The v-c, like the head, is primarily responsible for the organisation’s strategy, though it is a shared activity with governors. Managing governing bodies, and particularly the chair, seems to be almost identical in both organisations. So, too, chairing meetings with the senate echoes chairing meetings of staff in schools. V-cs, much like headteachers, are the public faces of their institutions, representing them to alumni, to the local community, and to government at local, regional and national levels. As v-c, I battle with the same imponderable questions – the impact of digitalisation and globalisation, affordability and ever-rising costs, achieving greater social diversity, and how to market and internationalise the brand.

Differences between both jobs are comparatively few. Parents – a central preoccupation of headteachers – rarely disturb the equilibrium of v-cs. Research and research funding are heartland issues for all v-cs, and are how universities build their reputations.

In nearly 20 years as a headteacher, I’ve hardly ever met v-cs or other senior figures from universities to talk about the nature of our jobs and how our institutions could work more closely together. A survey I conducted last year with sixth-form headteachers for a booklet on teaching at university suggests that the perception of lack of sharing across the divide and interest from universities about teaching in sixth-forms, is widespread.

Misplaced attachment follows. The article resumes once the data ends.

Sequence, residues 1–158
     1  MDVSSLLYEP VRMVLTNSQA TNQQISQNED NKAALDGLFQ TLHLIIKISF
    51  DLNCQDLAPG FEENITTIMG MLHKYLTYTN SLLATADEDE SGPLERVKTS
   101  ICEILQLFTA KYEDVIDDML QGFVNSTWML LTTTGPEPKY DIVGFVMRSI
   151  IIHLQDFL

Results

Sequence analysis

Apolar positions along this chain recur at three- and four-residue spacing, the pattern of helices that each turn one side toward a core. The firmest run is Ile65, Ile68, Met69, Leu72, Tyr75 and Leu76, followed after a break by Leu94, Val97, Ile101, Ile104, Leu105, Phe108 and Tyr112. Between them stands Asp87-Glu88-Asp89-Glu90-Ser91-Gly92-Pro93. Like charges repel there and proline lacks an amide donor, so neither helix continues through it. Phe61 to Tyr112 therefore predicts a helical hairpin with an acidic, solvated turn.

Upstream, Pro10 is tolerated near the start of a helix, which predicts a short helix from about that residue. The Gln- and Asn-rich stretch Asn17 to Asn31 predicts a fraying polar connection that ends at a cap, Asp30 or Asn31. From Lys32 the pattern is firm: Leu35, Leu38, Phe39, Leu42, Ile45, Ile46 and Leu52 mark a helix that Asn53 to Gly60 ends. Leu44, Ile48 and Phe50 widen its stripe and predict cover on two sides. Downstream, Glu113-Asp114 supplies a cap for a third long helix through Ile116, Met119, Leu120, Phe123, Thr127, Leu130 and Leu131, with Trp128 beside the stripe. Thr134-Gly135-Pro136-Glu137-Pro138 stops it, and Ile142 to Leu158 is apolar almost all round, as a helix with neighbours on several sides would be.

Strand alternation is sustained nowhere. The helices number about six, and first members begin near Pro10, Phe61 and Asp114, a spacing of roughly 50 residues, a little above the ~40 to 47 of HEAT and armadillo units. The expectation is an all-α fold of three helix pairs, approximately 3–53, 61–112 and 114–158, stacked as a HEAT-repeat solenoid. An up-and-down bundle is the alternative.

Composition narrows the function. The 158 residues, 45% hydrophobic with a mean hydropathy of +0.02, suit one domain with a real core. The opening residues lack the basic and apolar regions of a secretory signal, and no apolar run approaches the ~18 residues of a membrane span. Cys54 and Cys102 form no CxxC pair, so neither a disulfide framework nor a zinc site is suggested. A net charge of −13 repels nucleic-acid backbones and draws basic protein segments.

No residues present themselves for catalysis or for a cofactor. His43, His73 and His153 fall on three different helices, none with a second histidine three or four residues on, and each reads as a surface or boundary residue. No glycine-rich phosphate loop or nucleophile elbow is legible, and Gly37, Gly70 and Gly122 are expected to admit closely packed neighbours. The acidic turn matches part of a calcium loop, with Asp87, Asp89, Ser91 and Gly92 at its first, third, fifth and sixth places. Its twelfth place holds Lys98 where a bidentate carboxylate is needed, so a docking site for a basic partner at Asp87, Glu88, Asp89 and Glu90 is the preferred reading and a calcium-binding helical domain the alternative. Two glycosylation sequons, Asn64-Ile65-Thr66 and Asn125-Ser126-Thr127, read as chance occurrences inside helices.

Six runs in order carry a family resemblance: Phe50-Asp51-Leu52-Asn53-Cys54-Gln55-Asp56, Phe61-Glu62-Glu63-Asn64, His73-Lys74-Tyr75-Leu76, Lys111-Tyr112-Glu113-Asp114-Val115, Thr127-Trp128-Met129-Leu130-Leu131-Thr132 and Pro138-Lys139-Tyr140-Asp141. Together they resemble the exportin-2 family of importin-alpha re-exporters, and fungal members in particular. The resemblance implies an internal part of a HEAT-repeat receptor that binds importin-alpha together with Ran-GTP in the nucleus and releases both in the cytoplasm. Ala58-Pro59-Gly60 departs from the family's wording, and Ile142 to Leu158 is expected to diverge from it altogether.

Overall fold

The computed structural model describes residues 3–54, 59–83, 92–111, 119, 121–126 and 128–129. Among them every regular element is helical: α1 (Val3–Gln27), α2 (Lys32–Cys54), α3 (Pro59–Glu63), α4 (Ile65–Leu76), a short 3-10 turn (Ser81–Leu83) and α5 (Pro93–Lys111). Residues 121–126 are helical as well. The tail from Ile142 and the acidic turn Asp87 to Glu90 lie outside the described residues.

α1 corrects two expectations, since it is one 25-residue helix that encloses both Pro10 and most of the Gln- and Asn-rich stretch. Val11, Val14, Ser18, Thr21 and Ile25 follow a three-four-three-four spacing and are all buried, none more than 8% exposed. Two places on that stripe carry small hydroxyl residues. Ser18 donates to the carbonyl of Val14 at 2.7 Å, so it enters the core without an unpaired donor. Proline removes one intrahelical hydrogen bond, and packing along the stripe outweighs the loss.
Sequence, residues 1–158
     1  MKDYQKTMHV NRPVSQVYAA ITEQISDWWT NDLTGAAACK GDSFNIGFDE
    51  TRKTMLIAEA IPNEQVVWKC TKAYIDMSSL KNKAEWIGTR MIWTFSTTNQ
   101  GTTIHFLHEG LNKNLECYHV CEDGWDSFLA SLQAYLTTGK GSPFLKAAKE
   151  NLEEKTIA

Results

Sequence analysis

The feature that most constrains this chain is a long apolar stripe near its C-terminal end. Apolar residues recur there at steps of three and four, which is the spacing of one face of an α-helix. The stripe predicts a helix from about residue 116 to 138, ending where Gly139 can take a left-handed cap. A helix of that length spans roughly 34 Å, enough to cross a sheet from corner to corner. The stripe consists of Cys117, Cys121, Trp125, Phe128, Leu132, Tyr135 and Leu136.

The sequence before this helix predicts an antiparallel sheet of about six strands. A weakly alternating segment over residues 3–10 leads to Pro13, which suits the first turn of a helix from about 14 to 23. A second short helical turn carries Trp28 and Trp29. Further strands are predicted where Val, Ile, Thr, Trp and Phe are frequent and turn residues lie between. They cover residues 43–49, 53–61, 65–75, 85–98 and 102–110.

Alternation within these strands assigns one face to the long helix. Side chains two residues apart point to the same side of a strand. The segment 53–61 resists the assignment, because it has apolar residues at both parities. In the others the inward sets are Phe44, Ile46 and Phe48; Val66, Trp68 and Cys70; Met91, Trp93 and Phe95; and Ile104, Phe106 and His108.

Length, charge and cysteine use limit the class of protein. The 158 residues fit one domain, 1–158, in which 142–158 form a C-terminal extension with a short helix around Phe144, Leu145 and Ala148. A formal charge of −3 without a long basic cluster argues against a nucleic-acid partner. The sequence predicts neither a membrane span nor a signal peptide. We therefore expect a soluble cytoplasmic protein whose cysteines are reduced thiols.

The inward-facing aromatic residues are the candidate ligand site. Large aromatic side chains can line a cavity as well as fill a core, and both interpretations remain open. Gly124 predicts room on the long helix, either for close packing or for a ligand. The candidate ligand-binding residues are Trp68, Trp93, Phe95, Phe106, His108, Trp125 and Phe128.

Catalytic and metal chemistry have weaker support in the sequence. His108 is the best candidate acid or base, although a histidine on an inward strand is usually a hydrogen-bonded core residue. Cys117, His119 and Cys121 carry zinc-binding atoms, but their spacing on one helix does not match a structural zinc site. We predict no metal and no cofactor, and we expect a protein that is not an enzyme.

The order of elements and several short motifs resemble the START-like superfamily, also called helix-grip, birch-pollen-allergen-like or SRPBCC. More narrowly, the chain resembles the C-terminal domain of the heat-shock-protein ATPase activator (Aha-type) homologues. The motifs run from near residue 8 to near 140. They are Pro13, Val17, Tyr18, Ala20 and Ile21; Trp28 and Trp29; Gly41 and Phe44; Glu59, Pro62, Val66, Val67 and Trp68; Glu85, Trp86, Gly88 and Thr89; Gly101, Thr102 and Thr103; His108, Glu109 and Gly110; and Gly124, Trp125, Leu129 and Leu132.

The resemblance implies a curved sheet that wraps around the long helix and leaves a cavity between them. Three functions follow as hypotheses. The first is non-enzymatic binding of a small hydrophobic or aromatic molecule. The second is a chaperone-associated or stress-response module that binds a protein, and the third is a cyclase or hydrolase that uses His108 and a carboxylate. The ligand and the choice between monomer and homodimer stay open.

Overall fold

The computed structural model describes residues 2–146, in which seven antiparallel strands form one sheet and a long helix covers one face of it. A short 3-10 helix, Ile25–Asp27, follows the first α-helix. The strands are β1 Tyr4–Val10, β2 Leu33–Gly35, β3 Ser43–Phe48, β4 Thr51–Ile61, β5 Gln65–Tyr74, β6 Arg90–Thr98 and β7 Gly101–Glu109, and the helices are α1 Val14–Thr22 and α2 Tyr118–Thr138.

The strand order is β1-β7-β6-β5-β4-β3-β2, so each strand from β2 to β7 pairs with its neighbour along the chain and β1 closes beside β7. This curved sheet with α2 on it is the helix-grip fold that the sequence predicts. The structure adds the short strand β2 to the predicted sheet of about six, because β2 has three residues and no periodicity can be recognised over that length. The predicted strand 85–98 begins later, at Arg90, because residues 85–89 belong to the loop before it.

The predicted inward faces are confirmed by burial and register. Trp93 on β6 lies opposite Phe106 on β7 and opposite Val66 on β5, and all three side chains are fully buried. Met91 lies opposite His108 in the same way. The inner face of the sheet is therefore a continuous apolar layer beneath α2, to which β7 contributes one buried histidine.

Beyond visiting schools to try to persuade students to join their institutions, universities don’t display much interest in school life. This is a loss, because there are two clear areas where universities have much to learn: after all, a student leaving school aged 18 in June is not a totally different being from the student who arrives at university three months later.

Challenges continue after 18

Universities have much to learn from schools about professional teaching and learning, as well as how to adapt teaching to students of different abilities and those with learning difficulties. Teachers in schools must participate in initial teacher training, followed by induction, mentoring, inspections, regular lesson observations and appraisals. Professional development is taken seriously by all good teachers. Why should it be different for universities? Some higher education leaders say that the quality of teaching at university is uniformly good, and that there is nothing to be learned from schools because university is fundamentally different. But these attitudes don’t cut it. Too many at universities are keen on the “higher” part of their name, but are less keen or reflective about the “education” part.

Pastoral care is the other area where universities could learn from schools, especially from the Boarding Schools’ Association, which has developed excellent procedures for looking after students at both state and independent boarding schools. Helping students adapt with the transition to university life in the first term and doing more to support those who experience emotional and mental difficulties should be areas of focus for universities. Too many students drop out or experience psychological problems, which could be helped by a proactive approach.

Now that’s all off my chest, I think I might go out for another chicken tikka masala.

Anthony Seldon was master of Wellington College until 2015 and is now vice-chancellor of the University of Buckingham